It has become easier to recruit workers from third countries, including from Asia, through certified temporary-work agencies. In addition to the fact that labour shortages in some sectors and the uncertain economic outlook make it increasingly advantageous for employers to hire workers, the new regulation may also have negative consequences for the labour market: wage tension and fluctuation may increase due to third-country workers.
At the end of June, a new government decree came into force which makes it far easier for temporary-work agencies to recruit employers not only from neighbouring countries but also from the Asian region. The new regulation could further stimulate the temporary-work agency market, while employers facing a shortage of human resources will be able to access labour force more easily and flexibly. However, the new regulation may not only provide some relief from labour shortages, but also raise new problems.
Temporary agency work has many advantages, one of the most important is that the various administrative burdens of employment are not borne by the user enterprise (i.e. the „borrowing company”), but by the temporary-work agency. The Regulation sets out the conditions for registration as a certified temporary-work agency, which are stricter than those for „normal” temporary-work agency, nevertheless, the legislation is short again of eliminating or solving a number of problems. A recent case in Curia has once again highlighted that the Labour Code, in force since 2012, does not in practice protect temporary agency workers, since it considers the temporary-work agency as the employer, who can dismiss the employee at any time without justification. Therefore, if the temporary agency work is terminated, the temporary-work agency (i.e. the lender of work force) can rely on this circumstance alone to terminate the employment relationship with the temporary agency worker. Nevertheless, it is precisely this possibility that makes temporary agency work attractive for employers.
In the increasingly uncertain economic climate, this type of employment may become even more popular in the future, as the user enterprise (i.e. the hirer of work force) has the flexibility to adapt the number of workers to its current needs and, in the event of redundancies, temporary agency workers will be the first to be laid off. The Hungarian legislation limits the maximum duration of temporary agency work up to 5 years, which is nowadays no longer considered a short period spent in one workplace and is close to the average of 8.9 years spent by workplace in Hungary. On this basis, it can be stated that temporary agency work is not tending towards short-term, temporary employment. If the user enterprise (i.e. the hirer of work force) is satisfied with the employer, he can employ him for long term with slight labour law guarantees, while he can dismiss him at any time without giving any reason.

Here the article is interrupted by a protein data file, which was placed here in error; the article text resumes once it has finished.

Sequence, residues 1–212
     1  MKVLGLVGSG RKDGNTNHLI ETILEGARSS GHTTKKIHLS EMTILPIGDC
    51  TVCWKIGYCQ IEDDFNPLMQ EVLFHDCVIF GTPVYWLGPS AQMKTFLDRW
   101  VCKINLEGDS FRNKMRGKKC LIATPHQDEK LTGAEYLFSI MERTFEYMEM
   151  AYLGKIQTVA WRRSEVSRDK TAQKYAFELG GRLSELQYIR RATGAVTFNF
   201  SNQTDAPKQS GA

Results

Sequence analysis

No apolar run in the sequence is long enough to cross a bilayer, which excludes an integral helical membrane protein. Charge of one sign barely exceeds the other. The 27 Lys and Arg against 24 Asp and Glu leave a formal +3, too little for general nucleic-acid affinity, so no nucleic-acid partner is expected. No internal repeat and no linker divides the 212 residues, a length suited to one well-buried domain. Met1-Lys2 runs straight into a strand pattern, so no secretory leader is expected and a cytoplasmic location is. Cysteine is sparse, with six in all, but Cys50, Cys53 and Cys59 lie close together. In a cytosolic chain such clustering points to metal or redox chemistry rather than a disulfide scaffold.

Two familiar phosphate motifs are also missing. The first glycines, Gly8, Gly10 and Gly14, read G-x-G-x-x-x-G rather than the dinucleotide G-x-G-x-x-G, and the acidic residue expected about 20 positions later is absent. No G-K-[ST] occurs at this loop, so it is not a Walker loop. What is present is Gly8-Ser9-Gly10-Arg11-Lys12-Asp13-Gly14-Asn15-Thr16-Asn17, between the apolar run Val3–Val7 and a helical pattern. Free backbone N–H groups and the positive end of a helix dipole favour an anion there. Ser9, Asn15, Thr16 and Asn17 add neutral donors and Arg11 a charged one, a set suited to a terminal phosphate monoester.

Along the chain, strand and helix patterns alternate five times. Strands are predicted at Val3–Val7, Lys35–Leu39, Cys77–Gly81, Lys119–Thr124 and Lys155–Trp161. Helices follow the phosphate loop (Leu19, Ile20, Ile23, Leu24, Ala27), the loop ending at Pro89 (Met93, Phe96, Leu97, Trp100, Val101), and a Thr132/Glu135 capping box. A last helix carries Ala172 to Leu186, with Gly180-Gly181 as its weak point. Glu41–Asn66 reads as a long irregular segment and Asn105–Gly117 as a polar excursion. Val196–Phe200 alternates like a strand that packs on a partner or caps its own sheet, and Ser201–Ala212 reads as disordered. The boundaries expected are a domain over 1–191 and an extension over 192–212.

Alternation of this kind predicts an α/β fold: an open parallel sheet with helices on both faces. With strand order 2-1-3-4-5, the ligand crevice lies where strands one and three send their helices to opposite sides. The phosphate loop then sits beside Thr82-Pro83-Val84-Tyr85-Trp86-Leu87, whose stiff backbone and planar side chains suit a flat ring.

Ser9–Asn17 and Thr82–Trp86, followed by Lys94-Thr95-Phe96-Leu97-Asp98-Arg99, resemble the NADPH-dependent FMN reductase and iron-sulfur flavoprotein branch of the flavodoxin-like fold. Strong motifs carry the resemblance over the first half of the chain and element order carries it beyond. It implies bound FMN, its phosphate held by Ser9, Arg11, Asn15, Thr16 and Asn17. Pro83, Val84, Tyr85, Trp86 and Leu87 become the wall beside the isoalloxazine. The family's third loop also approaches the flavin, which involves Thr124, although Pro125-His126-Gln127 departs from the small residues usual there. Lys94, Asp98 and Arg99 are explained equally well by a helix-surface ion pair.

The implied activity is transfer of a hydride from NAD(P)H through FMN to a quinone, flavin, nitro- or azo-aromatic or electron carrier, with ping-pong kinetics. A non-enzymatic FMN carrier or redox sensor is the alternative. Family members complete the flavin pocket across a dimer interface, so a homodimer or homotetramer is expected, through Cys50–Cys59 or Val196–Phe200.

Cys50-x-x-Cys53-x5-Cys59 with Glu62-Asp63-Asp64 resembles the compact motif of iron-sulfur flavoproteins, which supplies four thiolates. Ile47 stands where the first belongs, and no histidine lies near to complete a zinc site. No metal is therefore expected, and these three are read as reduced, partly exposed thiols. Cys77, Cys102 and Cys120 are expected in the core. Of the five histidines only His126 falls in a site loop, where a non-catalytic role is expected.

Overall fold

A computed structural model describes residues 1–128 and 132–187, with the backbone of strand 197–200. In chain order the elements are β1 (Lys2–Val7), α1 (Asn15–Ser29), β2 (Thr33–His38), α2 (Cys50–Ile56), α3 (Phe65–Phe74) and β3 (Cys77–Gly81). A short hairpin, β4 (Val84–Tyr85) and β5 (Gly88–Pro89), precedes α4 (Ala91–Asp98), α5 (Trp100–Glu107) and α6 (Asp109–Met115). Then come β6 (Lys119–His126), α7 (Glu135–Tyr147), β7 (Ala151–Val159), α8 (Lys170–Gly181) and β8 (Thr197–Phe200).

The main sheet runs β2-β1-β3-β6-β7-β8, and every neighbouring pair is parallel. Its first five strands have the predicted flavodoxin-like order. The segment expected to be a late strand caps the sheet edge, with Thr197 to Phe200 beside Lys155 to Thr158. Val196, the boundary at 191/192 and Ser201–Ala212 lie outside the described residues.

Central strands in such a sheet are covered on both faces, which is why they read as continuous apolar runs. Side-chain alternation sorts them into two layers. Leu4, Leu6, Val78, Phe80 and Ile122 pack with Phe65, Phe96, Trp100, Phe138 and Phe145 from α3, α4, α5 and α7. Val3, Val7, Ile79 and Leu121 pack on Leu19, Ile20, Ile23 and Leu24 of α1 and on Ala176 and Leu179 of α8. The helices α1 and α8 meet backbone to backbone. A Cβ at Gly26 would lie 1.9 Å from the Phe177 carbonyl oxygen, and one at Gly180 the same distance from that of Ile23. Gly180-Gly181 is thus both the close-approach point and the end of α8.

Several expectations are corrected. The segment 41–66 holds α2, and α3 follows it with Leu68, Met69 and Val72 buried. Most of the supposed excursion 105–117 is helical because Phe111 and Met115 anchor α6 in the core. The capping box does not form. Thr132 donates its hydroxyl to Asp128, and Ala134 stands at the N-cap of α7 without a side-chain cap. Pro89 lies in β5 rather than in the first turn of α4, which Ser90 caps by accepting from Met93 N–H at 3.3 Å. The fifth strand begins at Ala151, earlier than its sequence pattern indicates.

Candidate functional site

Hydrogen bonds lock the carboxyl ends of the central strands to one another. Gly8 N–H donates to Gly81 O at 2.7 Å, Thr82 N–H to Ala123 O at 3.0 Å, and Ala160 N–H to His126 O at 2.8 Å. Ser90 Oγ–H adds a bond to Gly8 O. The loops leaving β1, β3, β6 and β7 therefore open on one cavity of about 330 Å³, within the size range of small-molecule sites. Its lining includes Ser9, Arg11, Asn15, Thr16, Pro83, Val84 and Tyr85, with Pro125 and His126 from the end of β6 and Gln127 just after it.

Question marks around wage tension, fluctuation, and collective disputes
While the new legislation could benefit companies in many ways, it also raises many questions about its implications. On the one hand, it could lead to wage tensions between workers due to lower pay requirements by third-country workers. The fluctuation is also a question: in sectors where there has already been high fluctuation of workers, could this problem be solved by hiring third-country nationals or, on the contrary, could the tension between workers in different employment relationships lead to an increase the number of leaving workers employed in employment relationship. Inappropriate use of temporary agency work could therefore lead to more workers leaving by the end of the year than can be replaced by temporary agency workers, while recruitment continues. Another potential source of tension is that third-country workers will obviously not be aware of the cornerstones of national labour law or may simply be dismissed in the event of conspiracy. This in turn could lead to the erosion of the working conditions and labour law guarantees that workers have fought for or that have been established by judicial practice.
When appropriately applied, temporary agency work can not only help employers to reduce the costs of the labour organisation, but also provide great flexibility. However, to make an effective use of all this, employers would need to consider proper preparation, HR management and other factors. At the same time, it is already clear that the current regulation of temporary agency work puts employers in a more advantageous position vis-à-vis workers who are not protected by guarantee-provisions. Thus, currently, both temporary-work agencies and user enterprises face less risk than in the case of a ‘normal’ employment relationship when it comes to the legality of employer’s measures affecting temporary agency workers, such as termination of employment, for example.
 Government Decree 226/2022 on the registration and activity of certified temporary-work agencies
 Act I of 2012 on the Labour Code – “Labour Code”
statistic of OECD, 2020 (https://stats.oecd.org/Index.aspx?QueryId=29561)